SHIC Funding Brings Tools for Detection of SADS-CoV Closer to Completion

Swine acute diarrhea syndrome coronavirus (SADS-CoV), related to the bat coronavirus HKU2, was associated with severe outbreaks of diarrhea with high mortality rates in pigs in China in 2018. Porcine epidemic diarrhea virus (PEDV) and porcine delta coronavirus (PDCoV) are closely related to SADS-CoV. After PEDV and PDCoV were diagnosed in the US with devastating consequences, the swine industry saw the emergence of SADS-CoV in Asia as a potential concern. Should SADS-CoV be introduced into the US as PEDV and PDCoV were, the industry must be prepared to rapidly implement adequate control strategies to mitigate the impact of the disease to pork producers. The Swine Health Information Center (SHIC) is supporting development of rapid diagnostic tools for the timely detection of swine acute diarrhea syndrome coronavirus (SADS-CoV) nucleic acid and/or antigens in clinical samples.

One of the first tools to combat emerging infectious disease agents is a diagnostic assay capable of rapidly detecting such pathogens. This includes a real-time multiplex PCR for SADs-CoV, PEDV, and PDCoV as well as development of antibody reagents for the virus. In a report published in January 2020, researcher Dr. Diego Diel of Cornell University said the project to develop these tools is on track with good progress on both objectives. Preliminary qPCR validation has been completed and polyclonal antibodies specific for the SADS-CoV proteins are now available. While the reagents need to be validated, their availability will allow proactive interventions by the swine industry should SADS-CoV ever enter the US.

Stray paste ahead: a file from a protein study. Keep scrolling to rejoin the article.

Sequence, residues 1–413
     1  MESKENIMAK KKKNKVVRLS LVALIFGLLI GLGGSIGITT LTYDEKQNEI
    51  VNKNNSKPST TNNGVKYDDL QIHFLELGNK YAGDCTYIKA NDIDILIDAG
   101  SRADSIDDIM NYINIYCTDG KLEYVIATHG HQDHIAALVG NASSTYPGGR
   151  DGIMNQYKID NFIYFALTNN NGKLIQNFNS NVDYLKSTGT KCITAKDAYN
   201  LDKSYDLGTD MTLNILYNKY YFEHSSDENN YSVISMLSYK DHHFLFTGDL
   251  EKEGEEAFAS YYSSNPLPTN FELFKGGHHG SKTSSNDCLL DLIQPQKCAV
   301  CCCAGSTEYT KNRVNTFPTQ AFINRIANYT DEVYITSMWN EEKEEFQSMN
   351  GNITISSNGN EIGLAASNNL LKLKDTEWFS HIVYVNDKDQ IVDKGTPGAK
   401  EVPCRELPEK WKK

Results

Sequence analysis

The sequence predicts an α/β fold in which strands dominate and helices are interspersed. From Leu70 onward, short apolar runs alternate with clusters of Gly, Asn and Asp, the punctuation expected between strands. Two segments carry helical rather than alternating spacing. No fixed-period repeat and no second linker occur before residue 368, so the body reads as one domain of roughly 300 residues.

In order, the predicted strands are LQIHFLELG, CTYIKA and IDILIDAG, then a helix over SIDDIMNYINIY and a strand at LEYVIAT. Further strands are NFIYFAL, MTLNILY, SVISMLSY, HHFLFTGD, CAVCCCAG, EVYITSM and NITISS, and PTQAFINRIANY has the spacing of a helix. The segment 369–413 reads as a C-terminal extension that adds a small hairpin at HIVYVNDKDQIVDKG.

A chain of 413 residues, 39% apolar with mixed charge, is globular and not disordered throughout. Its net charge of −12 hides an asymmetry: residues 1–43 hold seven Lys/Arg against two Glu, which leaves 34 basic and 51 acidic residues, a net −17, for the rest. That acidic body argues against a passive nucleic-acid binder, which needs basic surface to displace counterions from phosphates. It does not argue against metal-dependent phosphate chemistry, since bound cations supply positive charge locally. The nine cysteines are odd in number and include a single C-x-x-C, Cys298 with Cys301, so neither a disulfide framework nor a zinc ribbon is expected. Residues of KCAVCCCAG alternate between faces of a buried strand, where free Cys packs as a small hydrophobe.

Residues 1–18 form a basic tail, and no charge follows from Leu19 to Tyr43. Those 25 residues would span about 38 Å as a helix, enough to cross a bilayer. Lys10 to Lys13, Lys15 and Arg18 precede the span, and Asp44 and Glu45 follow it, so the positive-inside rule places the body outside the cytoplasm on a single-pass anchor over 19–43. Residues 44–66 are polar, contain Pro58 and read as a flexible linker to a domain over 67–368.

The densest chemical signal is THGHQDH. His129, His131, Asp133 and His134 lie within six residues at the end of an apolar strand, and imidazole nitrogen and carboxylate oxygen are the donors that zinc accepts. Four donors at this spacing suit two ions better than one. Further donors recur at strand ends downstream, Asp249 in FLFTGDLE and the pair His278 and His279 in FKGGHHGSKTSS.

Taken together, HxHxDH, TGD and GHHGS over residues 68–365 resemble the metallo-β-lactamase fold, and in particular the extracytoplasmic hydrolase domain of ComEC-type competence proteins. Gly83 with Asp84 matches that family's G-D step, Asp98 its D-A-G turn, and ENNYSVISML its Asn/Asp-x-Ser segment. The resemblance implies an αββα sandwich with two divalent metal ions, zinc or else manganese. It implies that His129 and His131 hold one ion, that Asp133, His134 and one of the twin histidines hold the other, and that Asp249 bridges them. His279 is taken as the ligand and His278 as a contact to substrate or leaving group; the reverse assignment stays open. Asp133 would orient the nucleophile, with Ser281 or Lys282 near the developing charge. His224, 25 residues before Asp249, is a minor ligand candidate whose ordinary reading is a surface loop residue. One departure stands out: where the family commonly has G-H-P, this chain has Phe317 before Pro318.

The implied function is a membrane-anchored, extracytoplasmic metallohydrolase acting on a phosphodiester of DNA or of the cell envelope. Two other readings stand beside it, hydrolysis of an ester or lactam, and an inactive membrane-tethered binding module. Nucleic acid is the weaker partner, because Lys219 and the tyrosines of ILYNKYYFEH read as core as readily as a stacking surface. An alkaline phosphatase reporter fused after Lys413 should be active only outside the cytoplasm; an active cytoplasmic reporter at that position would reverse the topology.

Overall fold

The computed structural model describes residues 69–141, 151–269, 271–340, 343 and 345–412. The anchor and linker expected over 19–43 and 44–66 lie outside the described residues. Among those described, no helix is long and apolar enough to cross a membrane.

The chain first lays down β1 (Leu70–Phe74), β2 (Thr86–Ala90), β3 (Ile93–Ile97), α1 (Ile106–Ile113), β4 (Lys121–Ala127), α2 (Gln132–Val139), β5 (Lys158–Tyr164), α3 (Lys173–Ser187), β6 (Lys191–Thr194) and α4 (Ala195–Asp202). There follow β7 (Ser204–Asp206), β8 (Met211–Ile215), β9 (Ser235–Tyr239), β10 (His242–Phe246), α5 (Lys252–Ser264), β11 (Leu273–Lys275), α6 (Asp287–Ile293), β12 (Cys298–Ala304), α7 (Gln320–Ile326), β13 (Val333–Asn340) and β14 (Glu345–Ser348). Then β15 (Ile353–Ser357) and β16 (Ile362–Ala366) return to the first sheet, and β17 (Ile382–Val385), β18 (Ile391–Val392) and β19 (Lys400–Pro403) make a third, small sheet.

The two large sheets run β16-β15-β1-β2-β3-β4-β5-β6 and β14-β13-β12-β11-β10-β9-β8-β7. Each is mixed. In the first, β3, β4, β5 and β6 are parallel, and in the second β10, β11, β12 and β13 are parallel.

Successful completion of the study will result in a diagnostic tool set to detect SADS-CoV in clinical samples. Availability of a multiplex real-time PCR for SADS-CoV, PEDV and PDCoV will allow precise and rapid diagnosis of specific SEC associated with outbreaks of enteric disease in pigs. Antibodies developed will allow the development of serological assays as well as antigen detection assays for SADS-CoV serosurveillance or for the direct detection of the virus.

Funded by America’s pork producers to protect and enhance the health of the US swine herd, the Swine Health Information Center focuses its efforts on prevention, preparedness, and response. As a conduit of information and research, SHIC encourages sharing of its publications and research for the benefit of swine health. Forward, reprint, and quote SHIC material freely. For more information, visit http://www.swinehealth.org or contact Dr. Paul Sundberg at psundberg@swinehealth.org.